Drivers OK with insurers monitoring them

It's not quite Big Brother, but many American motorists are allowing their insurance companies to keep a close eye on what they do while behind the wheel. And millions more may soon follow.

According to a new survey, more than half of all American drivers are willing to give insurance companies the authorization to review their driving habits in return for lower insurance rates.

Geber86 | E+ | Getty Images

The research, conducted by the Deloitte Center for Financial Services, found that 53 percent of respondents said they would allow their driving to be tracked via a mobile device in exchange for premium discounts based on their performance.

Read MoreThis car's value just rose 525%: Here's how

Millennial drivers were the most open to data tracking, with nearly two-thirds of respondents between ages 21 and 29 willing to give up their information. That compares to only 44 percent for those 60 or older.

The survey found about half of the respondents thought they'd be entitled to discounts between 11 and 20 percent for allowing the companies to monitor their behavior.

More than a million drivers across the country are already taking part in pay-as-you-drive or usage-based insurance coverage from large providers, such as Allstate, Progressive and State Farm, according to the most recent estimates.

Allstate, one of the nation's largest insurance companies, allows drivers in 30 states to save money through its Drivewise program by proving they are safe drivers. By connecting a device to the vehicle, the policy tracks mileage, hard braking, speed and time of day when a vehicle is in use. Using the technology to gather the data, Allstate says it rewards drivers for being safe on the road.

More from The Detroit Bureau:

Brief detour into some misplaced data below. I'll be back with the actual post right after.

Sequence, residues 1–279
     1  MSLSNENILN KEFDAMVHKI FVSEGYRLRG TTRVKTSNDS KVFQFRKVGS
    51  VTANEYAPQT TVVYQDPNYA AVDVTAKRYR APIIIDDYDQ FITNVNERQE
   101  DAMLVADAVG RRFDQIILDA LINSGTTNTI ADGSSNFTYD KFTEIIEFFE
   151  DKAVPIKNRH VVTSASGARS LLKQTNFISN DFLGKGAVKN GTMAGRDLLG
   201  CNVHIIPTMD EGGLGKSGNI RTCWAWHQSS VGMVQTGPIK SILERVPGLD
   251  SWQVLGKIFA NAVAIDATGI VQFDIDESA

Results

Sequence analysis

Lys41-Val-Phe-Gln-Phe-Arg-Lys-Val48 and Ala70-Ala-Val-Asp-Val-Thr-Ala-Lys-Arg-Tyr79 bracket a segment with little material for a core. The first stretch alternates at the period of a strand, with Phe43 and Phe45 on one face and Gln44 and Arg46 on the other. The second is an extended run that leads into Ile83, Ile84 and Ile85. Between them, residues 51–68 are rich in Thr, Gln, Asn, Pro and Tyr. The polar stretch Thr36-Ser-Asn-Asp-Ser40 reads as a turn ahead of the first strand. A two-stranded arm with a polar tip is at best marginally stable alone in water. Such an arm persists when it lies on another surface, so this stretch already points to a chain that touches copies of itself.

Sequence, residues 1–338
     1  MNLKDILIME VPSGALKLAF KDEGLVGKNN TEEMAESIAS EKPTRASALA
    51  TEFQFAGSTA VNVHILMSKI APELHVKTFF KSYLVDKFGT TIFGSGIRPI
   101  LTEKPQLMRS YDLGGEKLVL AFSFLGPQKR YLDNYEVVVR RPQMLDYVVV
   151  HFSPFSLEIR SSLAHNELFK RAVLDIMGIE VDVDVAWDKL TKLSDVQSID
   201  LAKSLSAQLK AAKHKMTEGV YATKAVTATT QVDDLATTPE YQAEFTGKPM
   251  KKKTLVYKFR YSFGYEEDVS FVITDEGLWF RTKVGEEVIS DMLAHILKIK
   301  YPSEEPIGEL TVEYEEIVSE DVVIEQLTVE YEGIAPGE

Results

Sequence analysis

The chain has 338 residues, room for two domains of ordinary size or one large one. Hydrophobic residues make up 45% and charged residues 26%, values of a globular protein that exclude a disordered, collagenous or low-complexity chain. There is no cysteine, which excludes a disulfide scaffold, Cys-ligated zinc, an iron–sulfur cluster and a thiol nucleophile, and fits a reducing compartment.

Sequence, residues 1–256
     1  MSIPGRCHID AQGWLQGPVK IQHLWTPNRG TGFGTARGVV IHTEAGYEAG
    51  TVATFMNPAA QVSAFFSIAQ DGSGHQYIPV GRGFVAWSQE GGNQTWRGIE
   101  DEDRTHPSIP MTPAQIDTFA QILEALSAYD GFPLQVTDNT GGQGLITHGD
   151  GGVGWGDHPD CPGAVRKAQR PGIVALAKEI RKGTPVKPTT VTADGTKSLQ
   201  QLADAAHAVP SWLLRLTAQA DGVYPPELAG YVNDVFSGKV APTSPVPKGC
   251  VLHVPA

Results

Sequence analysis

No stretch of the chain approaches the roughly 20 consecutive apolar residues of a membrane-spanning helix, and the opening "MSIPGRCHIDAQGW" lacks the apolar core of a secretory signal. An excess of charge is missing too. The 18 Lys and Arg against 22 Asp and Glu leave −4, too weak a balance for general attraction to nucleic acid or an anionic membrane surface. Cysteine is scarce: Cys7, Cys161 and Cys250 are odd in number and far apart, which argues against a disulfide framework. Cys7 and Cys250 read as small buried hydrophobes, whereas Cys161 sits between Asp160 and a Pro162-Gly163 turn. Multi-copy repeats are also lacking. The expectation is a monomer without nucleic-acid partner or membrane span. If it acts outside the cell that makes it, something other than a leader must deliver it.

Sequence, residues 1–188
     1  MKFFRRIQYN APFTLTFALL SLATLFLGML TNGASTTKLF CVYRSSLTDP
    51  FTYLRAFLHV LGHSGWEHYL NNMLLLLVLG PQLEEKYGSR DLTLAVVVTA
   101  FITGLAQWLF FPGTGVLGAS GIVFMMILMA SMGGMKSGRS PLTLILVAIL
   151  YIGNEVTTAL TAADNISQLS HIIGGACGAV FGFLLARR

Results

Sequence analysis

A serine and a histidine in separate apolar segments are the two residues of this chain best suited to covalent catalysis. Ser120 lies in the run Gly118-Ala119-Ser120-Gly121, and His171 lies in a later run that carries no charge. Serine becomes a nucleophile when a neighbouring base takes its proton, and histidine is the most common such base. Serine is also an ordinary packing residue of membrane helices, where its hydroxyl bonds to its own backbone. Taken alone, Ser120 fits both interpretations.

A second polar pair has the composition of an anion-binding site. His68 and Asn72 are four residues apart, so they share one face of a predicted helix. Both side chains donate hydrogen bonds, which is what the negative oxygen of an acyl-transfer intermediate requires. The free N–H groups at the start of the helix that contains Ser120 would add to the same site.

Automakers head to Beijing Auto Show
Muscle cars muscle into NY Auto Show
Toyota delivers major redesign of Camry

"We are committed to helping create a safer, more self-aware driver and, in doing so, we are able to pass along significant savings for safer driving," said Sarah Inciong, director of operations for Drivewise. "Having more customers participate offers us even more insight into the impact of various driving behaviors, which can help improve the product and our customer's driving habits."

Car thieves getting tech savvy
Car thieves getting tech savvy

Allstate says the average client receives rewards equal to 13 percent of their normal insurance bill. Progressive, which uses a Snapshot data tracker, says the technology has yielded motorists an average discount of $150 a year.

Read MoreCould hackers breach the security of connected cars?

Despite these savings, not everyone is comfortable with bringing an insurance company along for the ride.

A recent survey by the University of Michigan found the majority of Americans believe that having connected vehicles will make driving safer, but most are concerned about security and privacy.

—By CNBC Contributor Paul A. Eisenstein.